What wouldn’t you do for a cheaper plane ticket? This.

A new survey suggests airline passengers would give up bathrooms, carry-on luggage and even the ability to sit, in exchange for a discount.

Boxever just released a fun poll that’s sure to give the free marketers and airline apologists a little ammo in their misguided, anti-consumer arguments.

So why do I care? Because I don’t want to see these numbers, which are strategically timed to coincide with the Federal Aviation Administration Reauthorization Bill’s release, to be used as battering rams for the wrongheaded rebuttals, persuading passengers that they don’t deserve to be treated with fairness, dignity and respect.

This is a debate that has nothing to do with free markets and everything to do with safety and human dignity. But before we get there, let’s have a look at the numbers.

Boxever says it surveyed more than 500 “travelers,” although it declines to say whether they are air travelers or how often they fly. It found that “many deal-seeking travelers are willing to give up basic in-flight amenities for cheaper tickets.”

That includes:

    • Access to in-flight movies, magazines and music (73%).
    • Drink services (49%)
    • Boarding zone (board the plane last) (48%)
    • Seat size/leg room (19%)
    • Carry-on luggage (18%)
    • Bathrooms (8%)
    • A seat in favor of standing room (8%)

I can already hear some of you going: “Ya see, Chris! We’re asking for it!”

Well, not really.

Remember the old trial lawyer saying: “Never ask a question that you don’t already know the answer to?” I think that’s what’s going on here.

Boxever knew there’d be enough cheapskates out there to ask for standing seats and bathroom-free planes. It also knows what air travelers really want: Free first class seats. (If you want to keep that dream alive, head on over to your favorite credit card shill site or mileage-worshipping blog, and have at it.)

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The Boxever study’s authors must also know this. They surely also know that just because a select few say they want it doesn’t mean they’ll buy it. They must also know that just because we want it doesn’t mean it’s safe — or right.

After all, there was a market for substandard, window-free apartments before the enactment of the New York State Tenement House Act of 1901, and we can all agree such a law is necessary, even if there’s a market for slum housing. And people bought cars without seatbelts before Chapter 301 of the Motor Vehicle Safety Standard became law in 1968, but we can now agree that this one-time option is the right thing.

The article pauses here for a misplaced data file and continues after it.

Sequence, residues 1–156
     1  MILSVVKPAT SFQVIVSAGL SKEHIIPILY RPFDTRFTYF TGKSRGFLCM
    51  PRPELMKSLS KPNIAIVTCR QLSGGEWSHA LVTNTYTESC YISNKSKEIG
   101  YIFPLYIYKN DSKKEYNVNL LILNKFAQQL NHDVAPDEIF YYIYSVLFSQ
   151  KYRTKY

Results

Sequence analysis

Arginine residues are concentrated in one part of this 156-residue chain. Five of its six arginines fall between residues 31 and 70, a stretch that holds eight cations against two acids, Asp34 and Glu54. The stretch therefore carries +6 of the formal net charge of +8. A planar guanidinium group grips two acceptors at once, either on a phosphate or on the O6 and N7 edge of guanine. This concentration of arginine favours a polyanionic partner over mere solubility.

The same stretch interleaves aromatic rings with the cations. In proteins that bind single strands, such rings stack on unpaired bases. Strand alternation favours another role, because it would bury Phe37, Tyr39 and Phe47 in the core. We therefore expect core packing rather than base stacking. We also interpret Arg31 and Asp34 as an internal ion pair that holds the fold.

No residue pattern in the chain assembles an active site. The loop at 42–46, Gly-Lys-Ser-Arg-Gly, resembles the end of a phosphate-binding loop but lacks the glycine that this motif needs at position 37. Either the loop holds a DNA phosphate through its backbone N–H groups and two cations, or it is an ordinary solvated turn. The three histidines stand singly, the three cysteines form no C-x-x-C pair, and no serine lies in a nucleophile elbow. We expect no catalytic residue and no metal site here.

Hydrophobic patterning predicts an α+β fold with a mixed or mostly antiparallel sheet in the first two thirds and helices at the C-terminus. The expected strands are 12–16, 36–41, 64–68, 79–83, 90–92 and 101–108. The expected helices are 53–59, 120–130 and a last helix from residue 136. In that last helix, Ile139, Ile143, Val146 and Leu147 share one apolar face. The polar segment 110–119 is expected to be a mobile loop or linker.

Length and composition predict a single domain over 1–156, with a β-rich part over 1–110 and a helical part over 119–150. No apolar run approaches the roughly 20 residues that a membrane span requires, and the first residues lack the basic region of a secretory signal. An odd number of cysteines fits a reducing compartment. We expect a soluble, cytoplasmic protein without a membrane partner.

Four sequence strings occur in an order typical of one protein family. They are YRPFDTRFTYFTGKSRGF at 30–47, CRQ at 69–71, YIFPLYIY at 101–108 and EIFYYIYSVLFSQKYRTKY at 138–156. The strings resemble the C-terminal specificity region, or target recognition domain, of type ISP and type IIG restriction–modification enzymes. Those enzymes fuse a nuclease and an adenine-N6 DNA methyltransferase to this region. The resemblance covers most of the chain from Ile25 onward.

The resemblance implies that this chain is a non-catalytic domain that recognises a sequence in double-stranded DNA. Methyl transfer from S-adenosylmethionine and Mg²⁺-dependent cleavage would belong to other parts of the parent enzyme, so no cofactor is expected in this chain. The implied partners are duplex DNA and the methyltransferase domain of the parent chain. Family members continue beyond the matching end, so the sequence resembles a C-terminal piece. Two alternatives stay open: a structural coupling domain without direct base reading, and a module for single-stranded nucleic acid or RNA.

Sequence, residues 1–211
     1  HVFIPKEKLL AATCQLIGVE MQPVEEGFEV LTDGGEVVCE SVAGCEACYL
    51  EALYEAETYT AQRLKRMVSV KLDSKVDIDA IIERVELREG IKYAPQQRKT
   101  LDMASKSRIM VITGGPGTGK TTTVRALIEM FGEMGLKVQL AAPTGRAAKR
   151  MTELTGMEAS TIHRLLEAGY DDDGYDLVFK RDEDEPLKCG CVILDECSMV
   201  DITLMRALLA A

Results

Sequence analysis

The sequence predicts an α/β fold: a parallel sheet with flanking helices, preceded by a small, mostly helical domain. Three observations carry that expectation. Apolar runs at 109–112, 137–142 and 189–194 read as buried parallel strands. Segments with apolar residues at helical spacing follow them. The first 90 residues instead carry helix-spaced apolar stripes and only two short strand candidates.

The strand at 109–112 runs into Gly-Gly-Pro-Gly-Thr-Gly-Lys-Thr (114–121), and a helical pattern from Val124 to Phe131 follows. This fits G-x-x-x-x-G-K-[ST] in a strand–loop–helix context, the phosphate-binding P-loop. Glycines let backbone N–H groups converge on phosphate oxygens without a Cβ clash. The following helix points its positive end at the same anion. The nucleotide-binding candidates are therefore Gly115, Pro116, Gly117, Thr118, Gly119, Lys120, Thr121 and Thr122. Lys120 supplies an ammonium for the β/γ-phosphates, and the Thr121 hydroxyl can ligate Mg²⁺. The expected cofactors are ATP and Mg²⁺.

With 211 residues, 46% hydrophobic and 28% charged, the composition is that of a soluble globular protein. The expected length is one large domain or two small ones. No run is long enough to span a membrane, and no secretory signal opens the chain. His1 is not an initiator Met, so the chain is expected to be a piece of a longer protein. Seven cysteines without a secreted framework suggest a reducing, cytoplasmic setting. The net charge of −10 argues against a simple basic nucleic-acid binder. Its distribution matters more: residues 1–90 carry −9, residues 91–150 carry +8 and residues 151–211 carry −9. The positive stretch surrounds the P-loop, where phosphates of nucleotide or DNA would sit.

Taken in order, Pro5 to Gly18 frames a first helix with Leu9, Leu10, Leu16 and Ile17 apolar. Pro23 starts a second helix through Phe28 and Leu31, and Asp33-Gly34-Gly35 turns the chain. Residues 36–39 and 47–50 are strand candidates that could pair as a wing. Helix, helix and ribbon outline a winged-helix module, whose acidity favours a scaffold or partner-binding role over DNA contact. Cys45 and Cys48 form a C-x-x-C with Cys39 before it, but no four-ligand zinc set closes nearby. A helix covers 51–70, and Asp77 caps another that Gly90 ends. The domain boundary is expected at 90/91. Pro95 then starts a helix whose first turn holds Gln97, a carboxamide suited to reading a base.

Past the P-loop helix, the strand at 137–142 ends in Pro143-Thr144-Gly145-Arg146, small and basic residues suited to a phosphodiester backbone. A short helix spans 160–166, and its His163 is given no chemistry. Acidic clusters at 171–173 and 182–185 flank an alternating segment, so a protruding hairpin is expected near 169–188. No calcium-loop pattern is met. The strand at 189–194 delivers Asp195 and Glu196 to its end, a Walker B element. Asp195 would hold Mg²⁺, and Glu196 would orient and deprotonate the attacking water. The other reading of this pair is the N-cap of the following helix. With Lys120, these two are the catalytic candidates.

I know the answer to that question. Most of the readers of this site do, too. But some people still think minimum seat standards interfere with a free market. They also think that further shrinking legroom, eliminating amenities, and even forcing people to stand, is the free market at its best.

That’s nonsense.

What if we turned the question around? What if we asked what you’d be willing to pay for a humane amount of space or for clean, functioning bathrooms, friendly service, or for the ability to check a bag on a plane? I think we know the answer, because airlines like Southwest and JetBlue, which are slightly less awful than their competitors, are doing well by advertising their “Transparency” and promising to “Bring humanity back to air travel.”

Bottom line: The Boxever survey only proves some penny-pinchers would do anything for a deal, hypothetically. But let them spend a few hours strapped into that too-small seat, with no bathroom to use, and then let’s have a conversation.

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Christopher Elliott

Christopher Elliott is an author, journalist and consumer advocate. You can read more about him on his personal website or check out his adventures on his family adventure travel site. Contact him at chris@elliott.org. Read more of Christopher's articles here.